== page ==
A business that needs more staff to service more customers is still scalable, as long as each staff member generates more revenue than they cost. McDonalds is awesomely scalable.
If you insist on limiting yourself to zero-touch businesses, you'll find yourself competing with all the other geeks who are afraid to go out and sell and build business relationships. On the other hand, if you're willing to build high-touch relationships, you'll discover opportunities that you would have never otherwise found.
Sure, it's a bummer that we'll have to hire a few more customer service people as we grow, but it's much better than the alternative. You open up so many opportunities by being willing to do something as simple as talking to someone on the phone.
You can definitely scale in headcount and try to build a Freshbooks or Harvest and have millions a year in revenue, or build a business that requires touchy sales and commission payments. Or you can be like Amy and Thomas with Freckle and have a very minimal organization that nets a few hundred thousand.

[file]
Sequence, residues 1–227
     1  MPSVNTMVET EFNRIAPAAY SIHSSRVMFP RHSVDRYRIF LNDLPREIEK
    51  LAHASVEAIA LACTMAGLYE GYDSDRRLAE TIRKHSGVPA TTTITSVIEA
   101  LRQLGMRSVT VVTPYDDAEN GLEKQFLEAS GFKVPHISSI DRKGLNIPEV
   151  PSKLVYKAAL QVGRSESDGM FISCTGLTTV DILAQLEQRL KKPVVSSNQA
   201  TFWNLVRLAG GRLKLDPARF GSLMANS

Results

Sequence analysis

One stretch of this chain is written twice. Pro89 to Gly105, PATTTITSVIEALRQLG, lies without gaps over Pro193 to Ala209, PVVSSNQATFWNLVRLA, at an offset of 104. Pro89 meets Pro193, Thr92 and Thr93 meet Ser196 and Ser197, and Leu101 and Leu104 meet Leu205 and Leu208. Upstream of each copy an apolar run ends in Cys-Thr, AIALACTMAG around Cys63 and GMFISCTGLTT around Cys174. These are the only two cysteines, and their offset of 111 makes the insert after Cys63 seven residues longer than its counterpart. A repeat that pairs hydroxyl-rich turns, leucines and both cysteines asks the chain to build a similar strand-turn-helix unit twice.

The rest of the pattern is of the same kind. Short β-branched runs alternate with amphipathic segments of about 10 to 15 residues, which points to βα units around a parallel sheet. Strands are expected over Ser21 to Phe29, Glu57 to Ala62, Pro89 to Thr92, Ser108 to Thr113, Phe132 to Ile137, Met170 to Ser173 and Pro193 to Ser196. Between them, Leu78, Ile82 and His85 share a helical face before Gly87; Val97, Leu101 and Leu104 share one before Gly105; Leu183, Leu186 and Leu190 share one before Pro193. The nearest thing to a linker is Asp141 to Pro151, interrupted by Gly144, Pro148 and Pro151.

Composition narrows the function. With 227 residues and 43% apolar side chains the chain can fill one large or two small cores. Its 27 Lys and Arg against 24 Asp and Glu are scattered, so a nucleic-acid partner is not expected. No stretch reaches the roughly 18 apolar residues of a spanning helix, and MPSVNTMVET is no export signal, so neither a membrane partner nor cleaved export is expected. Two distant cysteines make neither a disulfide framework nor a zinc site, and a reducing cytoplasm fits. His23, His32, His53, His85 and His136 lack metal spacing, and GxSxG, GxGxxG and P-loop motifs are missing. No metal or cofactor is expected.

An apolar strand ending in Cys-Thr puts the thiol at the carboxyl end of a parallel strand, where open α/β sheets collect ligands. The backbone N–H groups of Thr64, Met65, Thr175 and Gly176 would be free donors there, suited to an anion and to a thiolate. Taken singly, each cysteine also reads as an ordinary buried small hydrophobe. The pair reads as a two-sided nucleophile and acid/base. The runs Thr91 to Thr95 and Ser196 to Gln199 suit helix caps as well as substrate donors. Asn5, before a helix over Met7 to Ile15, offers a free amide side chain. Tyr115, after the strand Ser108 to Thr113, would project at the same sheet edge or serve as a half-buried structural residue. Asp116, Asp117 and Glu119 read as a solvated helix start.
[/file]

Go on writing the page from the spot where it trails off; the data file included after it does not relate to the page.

It's a lifestyle choice, and neither approach is the "right" one.
Indeed your own example, McDonalds, is a prime example of this. They are not particularly notable as a human business, rather they represent a case study in very high efficiency supply chain management and process optimisation.
I don't disagree that a strong and skilled front line enables enduring customer relationships and opens many doors. But the recommendation - to do so with a clear eye for efficient processes & systems - is exceedingly sound.